Are You a Better Parent if You’re Medicated?

Are You a Better Parent if You’re Medicated?
Penn State researchers say YES!

Read More: http://news.psu.edu/story/321808/2014/07/30/research/parenting-skills-improve-adhd-parents-medication

Penn State News reports on a small study done at Penn State and funded by Shire Inc., the manufacturer of lisdexamfetamine, (aka Vyvanse) where ADHD parents received medication to help them cope with their children.

One of the lead researchers, Dr. James Waxmonsky noted, “Parents with ADHD are at increased risk to engage in problematic parenting techniques, including inconsistent disciplinary practices, making ineffectual commands and diminished use of praise. Having a parent with ADHD also decreases the chances that children with ADHD will respond to typically effective medication or counseling treatment.”

So, the solution? Medicate the parents! The researchers selected 20 parents who had children age 5 to 12. Both parents had a diagnosis presenting ADHD. The researchers then gave the parents ‘optimal’ doses of lisdexamfetamine (Vyvanse).

The parents were then brought to the clinic for observation on two tasks: 1] The child performs homework with parental assistance, and 2] The child plays while the parent performs paperwork.

The parent was administered either a placebo or Vyvanse for the first observation. This was then reversed for the second observation period. Neither the researchers nor participants knew when the active medication was received.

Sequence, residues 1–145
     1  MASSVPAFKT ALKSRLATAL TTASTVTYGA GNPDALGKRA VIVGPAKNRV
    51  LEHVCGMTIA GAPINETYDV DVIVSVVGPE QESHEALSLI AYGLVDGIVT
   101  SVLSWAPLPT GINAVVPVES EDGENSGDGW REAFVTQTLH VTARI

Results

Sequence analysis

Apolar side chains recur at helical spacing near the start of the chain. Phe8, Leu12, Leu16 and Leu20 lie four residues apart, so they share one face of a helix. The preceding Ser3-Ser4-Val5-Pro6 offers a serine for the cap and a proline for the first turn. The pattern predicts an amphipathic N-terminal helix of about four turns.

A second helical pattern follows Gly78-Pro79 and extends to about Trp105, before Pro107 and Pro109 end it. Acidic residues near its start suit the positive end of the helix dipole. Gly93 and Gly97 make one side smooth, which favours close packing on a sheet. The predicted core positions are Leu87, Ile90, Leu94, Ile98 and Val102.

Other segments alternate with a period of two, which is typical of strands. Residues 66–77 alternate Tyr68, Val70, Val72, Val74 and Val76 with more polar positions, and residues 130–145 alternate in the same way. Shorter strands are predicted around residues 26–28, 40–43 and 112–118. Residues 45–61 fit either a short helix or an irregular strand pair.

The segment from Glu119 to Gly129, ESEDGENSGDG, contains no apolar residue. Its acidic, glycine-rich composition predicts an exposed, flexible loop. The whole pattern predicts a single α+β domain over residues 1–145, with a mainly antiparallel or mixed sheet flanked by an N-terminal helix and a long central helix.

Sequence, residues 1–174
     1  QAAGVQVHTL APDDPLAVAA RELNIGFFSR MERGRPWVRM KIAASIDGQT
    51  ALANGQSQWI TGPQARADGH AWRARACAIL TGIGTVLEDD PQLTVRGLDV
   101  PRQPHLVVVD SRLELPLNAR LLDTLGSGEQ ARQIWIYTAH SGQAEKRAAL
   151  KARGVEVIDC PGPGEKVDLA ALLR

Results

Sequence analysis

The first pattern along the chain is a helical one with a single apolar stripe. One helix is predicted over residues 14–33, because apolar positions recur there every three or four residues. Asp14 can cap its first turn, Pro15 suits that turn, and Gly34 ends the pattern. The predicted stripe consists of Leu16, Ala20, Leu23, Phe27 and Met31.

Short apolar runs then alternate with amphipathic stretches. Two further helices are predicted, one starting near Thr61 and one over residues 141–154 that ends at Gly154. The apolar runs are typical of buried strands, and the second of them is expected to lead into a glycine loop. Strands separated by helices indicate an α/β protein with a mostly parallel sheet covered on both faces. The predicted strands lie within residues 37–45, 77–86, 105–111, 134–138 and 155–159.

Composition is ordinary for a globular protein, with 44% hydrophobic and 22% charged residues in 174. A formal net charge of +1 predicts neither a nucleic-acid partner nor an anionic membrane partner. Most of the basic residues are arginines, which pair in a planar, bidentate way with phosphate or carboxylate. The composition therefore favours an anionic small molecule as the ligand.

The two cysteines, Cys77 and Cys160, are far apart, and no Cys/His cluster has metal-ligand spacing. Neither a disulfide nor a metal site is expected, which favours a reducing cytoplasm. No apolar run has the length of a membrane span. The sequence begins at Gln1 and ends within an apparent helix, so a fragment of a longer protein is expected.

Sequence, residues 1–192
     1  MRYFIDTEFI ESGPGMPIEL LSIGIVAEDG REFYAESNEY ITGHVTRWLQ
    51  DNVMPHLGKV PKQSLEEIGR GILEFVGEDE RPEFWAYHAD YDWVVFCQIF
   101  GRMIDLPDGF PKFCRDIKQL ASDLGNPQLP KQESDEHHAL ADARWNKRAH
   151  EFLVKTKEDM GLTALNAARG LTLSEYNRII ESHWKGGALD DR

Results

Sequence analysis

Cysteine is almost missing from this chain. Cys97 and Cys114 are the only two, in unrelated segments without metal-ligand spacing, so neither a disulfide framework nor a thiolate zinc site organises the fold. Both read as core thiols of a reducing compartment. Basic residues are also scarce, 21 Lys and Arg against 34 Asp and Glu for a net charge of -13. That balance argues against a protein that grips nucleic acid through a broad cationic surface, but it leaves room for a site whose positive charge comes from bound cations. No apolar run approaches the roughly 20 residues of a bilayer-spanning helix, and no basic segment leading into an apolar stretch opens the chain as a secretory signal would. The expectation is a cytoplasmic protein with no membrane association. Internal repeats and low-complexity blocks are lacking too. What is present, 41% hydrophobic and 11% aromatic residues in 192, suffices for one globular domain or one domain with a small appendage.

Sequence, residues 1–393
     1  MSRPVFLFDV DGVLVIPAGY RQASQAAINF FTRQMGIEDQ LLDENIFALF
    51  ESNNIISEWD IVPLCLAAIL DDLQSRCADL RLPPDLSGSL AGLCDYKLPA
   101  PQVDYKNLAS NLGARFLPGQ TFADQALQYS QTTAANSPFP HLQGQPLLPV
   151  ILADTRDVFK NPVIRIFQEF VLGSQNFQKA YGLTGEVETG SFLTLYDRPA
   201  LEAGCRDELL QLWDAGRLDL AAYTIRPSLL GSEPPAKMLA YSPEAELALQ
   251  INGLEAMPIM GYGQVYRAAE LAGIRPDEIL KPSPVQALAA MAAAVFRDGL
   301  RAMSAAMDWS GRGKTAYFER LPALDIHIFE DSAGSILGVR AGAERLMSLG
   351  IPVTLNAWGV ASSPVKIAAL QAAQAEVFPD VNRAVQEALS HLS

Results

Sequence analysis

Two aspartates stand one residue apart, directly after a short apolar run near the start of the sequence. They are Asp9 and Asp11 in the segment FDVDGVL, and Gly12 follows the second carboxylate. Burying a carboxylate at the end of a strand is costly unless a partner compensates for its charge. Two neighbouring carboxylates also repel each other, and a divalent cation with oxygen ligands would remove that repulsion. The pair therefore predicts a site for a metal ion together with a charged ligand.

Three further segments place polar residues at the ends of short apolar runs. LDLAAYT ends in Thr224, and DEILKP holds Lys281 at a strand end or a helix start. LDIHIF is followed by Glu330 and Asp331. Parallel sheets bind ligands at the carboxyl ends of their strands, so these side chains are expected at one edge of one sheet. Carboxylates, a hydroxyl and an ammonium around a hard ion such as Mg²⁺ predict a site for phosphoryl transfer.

According to Penn State News, “The results of the first phase showed no medication effect was seen during the homework component. During the non-academic component, parents were less likely to make negative statements toward their children on lisdexamfetamine than on placebo.

Children showed less inappropriate behavior during the homework task when their parent was prescribed lisdexamfetamine versus placebo.

Then, in the second phase, parents had a 50 percent chance of staying on active medication or a 50 percent chance of being switched to placebo for the remainder of the study. They completed the same parent-child interaction tasks as in the first phase.”

“In the laboratory setting, lisdexamfetamine treatment of parental ADHD was associated with significant reductions in children’s negative behaviors and improvements in parenting behaviors found to be adversely impacted by ADHD,” Waxmonsky said.

Can you think of a better way to expand this market?